Wednesday, September 25, 2019

Un singe en hiver (Henri Verneuil, 1962)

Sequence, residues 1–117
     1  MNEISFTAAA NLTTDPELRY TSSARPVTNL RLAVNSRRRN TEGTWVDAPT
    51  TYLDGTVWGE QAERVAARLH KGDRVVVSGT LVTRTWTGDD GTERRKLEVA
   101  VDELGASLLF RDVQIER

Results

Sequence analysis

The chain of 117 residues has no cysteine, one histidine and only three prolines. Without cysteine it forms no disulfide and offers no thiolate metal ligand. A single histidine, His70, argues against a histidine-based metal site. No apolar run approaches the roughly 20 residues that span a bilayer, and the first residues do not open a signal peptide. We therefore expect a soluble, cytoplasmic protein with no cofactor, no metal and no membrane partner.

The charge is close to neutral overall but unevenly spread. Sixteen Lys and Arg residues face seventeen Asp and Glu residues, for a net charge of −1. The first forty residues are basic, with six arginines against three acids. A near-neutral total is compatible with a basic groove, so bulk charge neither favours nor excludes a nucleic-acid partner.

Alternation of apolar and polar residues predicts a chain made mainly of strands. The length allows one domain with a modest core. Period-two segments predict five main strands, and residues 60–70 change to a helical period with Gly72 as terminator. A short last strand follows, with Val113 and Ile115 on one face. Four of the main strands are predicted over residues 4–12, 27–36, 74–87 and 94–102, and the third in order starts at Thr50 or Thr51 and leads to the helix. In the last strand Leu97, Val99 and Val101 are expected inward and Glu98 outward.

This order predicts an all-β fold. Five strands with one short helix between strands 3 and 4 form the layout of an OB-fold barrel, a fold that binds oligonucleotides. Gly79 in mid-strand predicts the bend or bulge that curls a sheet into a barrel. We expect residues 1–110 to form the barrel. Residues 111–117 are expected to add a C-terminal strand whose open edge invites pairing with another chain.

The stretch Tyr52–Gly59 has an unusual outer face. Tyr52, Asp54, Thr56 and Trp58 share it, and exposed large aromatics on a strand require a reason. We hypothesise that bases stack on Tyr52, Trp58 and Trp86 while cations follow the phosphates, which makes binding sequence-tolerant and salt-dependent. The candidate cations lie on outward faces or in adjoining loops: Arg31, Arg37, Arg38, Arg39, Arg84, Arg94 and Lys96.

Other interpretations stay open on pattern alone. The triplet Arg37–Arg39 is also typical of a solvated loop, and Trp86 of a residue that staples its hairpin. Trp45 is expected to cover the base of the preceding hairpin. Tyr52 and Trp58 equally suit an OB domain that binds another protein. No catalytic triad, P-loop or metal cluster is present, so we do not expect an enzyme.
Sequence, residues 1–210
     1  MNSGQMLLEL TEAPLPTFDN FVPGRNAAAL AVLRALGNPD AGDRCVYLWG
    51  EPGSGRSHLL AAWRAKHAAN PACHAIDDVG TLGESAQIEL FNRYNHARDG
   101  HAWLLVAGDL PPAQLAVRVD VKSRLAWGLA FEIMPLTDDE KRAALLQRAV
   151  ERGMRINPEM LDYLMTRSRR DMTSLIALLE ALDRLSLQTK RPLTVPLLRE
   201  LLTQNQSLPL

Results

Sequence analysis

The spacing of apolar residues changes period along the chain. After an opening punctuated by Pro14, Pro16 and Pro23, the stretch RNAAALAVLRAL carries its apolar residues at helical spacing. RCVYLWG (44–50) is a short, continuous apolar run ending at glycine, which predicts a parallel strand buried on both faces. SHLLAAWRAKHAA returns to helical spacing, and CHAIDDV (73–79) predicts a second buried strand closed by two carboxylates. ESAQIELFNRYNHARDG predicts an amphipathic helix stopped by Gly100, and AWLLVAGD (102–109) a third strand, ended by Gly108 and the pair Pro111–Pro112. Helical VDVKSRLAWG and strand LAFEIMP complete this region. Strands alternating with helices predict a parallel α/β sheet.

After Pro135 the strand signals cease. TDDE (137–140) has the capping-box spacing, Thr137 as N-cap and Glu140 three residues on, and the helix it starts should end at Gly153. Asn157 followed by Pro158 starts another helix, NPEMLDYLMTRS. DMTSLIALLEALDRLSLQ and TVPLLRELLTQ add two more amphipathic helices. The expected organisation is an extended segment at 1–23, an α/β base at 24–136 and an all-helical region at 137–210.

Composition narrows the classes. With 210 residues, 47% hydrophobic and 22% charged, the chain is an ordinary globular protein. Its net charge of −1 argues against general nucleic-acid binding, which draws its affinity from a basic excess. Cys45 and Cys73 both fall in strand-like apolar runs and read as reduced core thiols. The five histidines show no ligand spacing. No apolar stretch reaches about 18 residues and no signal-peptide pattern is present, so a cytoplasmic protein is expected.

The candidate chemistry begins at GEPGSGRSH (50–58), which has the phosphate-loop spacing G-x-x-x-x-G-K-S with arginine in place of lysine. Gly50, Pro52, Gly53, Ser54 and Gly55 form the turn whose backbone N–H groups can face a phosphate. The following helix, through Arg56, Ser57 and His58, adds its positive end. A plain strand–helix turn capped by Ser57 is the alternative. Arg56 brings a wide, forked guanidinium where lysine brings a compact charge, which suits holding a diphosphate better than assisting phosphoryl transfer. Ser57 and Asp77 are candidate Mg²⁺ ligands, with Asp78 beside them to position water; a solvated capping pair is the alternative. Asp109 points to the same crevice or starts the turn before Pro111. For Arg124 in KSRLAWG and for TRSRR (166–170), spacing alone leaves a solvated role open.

Henri Verneuil certainly doesn’t rank among the front rank of French filmmakers, but his films are never dull, and are often surprisingly ambitious on multiple levels. Un singe en hiver starts out as a mixed bag, an impressive recreation of WW2 occupation and attack undermined by a cringe-inducingly scene-chewing Jean Gabin drunk act. But then we’re fifteen years in the future, and Gabin’s character, Albert Quentin, is in his fifteenth year of sobriety, and almost perishing from the boredom of it all, running an inn in a small town where few people visit: no wonder then, that his resolve might crack when a guest like Jean-Paul Belmondo’s Gabriel Fouquet shows up, another soul preoccupied with past losses and glories who in the present finds full expression only at the bottom of a glass. The film is dotted with odd character sketches – a boarding school principal who pretends she can only speak English; an eccentric store owner with a story to accompany every item of inventory – which we eventually understand as part of a philosophy of tolerance, of an understanding of what it takes to get through an uneventful existence: some of us bake the fantasy release into our very beings, for others it accumulates into a grand pyrotechnic release (the film may be implying that war itself can be partially understood in these terms) after which we may more readily settle into our long emotional winter. The grandly bombastic dialogue, by Michel Audiard, may not be generally naturalistic or persuasive, but it’s seldom ignorable either. As so often, the existential plight of the male counts for much more than that of the female – Quentin’s wife is allowed only the briefest moments of self-indulgence before returning to her designated role of quietly unquestioning support, and the film’s other main female character only exists to facilitate his outbursts, a role into which she slots back with barely a hitch after the fifteen year break.

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